A rare run together!

On the run home, Dave exclaimed, “Your form has completely changed!”  I waited for the negative comments to follow, about how sore and lop-sided I looked, but instead he said, “It’s unbelievable!  You are completely symmetrical!  You’ve lost your funny kick.  It’s absolutely incredible!  Whatever you’re doing, keep it up.”

“Even though I am so slow?” I asked.

“You look great!  It’s unreal!”

My husband is not one to hand out compliments, so I was shocked by his enthusiasm and support, as well as blown away by the almost instantaneous change that resulted from just a few chiropractic treatments.  It was clear that this was the right therapy for me.

In the past week, I have had a setback, but Sandy’s treatments and fitness plan for me have been effective.  I am in this for the long haul and am going to do whatever it takes to heal.  Between Sandy and my coach, I know that I will be able to come back stronger and faster than before.

To anyone with an injury, this is my advice: don’t fixate on one type of treatment.  What worked before may not another time so it is important to be open to new ideas.  I went in for my first visit with a “let’s see how it goes” attitude and, to my surprise, it was the right solution.  While I feel like I am back at square one, I have every confidence that chiropractic care will help me get to where I want to be.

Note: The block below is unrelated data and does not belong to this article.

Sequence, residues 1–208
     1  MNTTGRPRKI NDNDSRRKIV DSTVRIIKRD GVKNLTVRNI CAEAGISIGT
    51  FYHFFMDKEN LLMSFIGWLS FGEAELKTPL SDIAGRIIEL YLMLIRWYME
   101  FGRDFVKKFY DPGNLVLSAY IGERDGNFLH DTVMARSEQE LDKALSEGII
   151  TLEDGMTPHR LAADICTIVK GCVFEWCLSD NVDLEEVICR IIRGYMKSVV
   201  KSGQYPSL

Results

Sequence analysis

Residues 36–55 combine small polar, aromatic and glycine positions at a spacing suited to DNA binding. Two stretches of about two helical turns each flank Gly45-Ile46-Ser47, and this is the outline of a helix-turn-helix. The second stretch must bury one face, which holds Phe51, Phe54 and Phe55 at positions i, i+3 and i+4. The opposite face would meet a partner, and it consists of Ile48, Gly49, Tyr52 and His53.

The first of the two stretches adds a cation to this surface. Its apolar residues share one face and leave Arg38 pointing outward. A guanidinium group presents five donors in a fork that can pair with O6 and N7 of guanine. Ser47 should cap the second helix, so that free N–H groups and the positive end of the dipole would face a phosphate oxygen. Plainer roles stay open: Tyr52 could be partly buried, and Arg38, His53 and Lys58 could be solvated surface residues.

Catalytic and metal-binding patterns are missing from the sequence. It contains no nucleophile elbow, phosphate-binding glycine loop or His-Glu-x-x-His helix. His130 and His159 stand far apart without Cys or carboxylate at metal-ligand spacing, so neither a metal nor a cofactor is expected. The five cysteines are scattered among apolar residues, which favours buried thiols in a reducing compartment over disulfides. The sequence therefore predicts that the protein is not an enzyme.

It Just Wasn’t Meant To Be

Weeks ago, I took on the “whatever it takes attitude” in the hope that I would be able to toe the line at the Chicago Marathon.  I saw an osteopath who worked some magic.  I spent time with an acupuncturist who lessened the pain and improved the circulation in my glutes and hamstring.  And I found a chiropractor who is a gift to runners.

Within weeks, my Chiro got me running from 2 miles a week at the end of August to ending my training with 40+ mile weeks.  When I first saw him, it hurt to walk.  Last Sunday, and the one before, I ran 18 miles relatively painfree.  I had put in the time running, stretching, and strengthening, and I was ready for Chicago – not for a fast time but to finish what I started.